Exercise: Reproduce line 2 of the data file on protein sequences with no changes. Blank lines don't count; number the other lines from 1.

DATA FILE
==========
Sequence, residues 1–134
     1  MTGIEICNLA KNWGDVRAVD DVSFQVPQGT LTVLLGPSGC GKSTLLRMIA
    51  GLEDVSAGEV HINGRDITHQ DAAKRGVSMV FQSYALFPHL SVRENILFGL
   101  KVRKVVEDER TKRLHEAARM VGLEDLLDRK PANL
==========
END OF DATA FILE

     1  MTGIEICNLA KNWGDVRAVD DVSFQVPQGT LTVLLGPSGC GKSTLLRMIA